Spirit Boxes are a recent trend, and are realistically a modified AM/FM Radio, that has been physically manipulated by cutting the "tuner stop" feature, which forces the radio to consistently scan all frequencies in rapid succession. What often results is a confusing mix of radio signals, all coming in very quickly and with mixed strength. Essentially, it is Russian Roulette, you are not sure what you are going get, but the likelihood is you might get something that could be construe as an answer to a question, or a paranormal message from the underworld.

Recently, a host of apps have began to appear on cell phones, actively marketing themselves as "Ghost Hunters" apps, with built in EMF detectors. The problem, here, is that the phone itself is producing EMF. Cell phones are, essentially, a two-way radio with added cellular technology. They produce EMF as a byproduct of their power source, and the radio signals that they utilize to operate.

Other personal pet peeves, of things that I have observed on various ghost hunting programs, include using EM pumps or Tesla Coils and EMF Detectors simultaneously. This one isn't that hard, and yet I have seen it several times. EVP Review as well, with conveniently located loud music, is another gripe. Granted, the idea is to raise suspense, but it often feels as though it is scripted to make the casuals happy.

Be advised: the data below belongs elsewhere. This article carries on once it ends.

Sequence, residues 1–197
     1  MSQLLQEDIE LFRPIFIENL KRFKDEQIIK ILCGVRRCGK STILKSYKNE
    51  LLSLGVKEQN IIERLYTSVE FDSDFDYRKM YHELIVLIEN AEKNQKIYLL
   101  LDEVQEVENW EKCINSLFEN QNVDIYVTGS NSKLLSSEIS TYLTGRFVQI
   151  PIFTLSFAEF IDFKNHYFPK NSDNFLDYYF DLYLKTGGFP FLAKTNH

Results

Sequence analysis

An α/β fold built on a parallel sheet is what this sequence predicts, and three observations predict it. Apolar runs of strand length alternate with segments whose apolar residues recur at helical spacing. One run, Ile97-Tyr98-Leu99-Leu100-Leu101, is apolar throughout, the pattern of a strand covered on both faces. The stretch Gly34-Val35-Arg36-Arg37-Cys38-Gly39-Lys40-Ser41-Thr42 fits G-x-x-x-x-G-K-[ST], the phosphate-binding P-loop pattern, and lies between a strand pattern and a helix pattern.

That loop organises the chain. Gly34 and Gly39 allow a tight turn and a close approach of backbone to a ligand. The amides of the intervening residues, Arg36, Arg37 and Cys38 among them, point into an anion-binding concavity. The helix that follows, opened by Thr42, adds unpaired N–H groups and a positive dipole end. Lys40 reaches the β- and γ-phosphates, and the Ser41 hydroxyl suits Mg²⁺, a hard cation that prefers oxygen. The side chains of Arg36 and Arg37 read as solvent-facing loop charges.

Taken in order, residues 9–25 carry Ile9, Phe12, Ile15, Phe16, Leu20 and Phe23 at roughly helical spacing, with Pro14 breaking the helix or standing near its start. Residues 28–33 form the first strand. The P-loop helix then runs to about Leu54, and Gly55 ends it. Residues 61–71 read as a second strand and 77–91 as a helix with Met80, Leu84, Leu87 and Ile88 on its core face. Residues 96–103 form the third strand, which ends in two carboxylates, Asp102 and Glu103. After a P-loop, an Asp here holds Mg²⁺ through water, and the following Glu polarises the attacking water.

Ultimately, the made-for-tv ghosts shows, while some are often better than others about truly demonstrating what the reputable investigator does, are tied to ratings. Without sufficient evidence, they cannot survive. When Ghost Hunters began so many years ago, I remember several episodes where the haunting was either debunked, or no evidence was collected. Oddly enough, in today's television environment and the need for immediate gratification, it seems like the investigators on TV never miss out on any sound or any sign of the paranormal.

It is up to those in the field today to carry the torch of reason. This is not a play to make the believer a disbeliever, mind you. Instead, it is a plea to all of those in the field and not on TV, to pay attention to the details. It is ok to debunk the clients, or at least not to validate their every waking report! It is ok to find historical evidence that contradicts the claims! It is ok to admit that our science is still growing, still developing, and to acknowledge faults while pushing forward. It is ok to look at a fellow investigator, who claims to have pictures of orbs or strange reflections, and offer alternatives!

By doing this, we acknowledge that work continues, and that more evidence is needed to confirm or deny hauntings! By doing this, we save ourselves from the skeptics, who look upon us with waiting eyes, hungry for the next piece of "evidence" they can shred through alternative solutions. By stepping aside, and trying to do the best job of investigating possible that can help substantiate or disprove the claims, we preserve the science and the scientific method!

Brian Clary - Co-founder and Lead Investigator

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Well Said!!